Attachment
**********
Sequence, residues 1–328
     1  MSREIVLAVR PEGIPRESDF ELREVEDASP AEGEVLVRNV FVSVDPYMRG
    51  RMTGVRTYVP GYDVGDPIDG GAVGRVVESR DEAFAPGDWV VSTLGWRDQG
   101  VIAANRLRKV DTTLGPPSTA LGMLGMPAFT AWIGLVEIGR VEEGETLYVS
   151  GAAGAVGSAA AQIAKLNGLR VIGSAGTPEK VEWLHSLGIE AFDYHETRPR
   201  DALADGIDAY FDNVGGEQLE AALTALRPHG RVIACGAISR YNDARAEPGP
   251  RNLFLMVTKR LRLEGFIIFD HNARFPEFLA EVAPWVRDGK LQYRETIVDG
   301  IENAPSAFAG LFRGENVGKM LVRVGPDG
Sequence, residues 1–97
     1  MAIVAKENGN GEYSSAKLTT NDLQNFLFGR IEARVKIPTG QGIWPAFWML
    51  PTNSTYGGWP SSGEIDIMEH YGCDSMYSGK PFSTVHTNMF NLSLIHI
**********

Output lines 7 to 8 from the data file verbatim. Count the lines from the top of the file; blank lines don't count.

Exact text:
   251  RNLFLMVTKR LRLEGFIIFD HNARFPEFLA EVAPWVRDGK LQYRETIVDG
   301  IENAPSAFAG LFRGENVGKM LVRVGPDG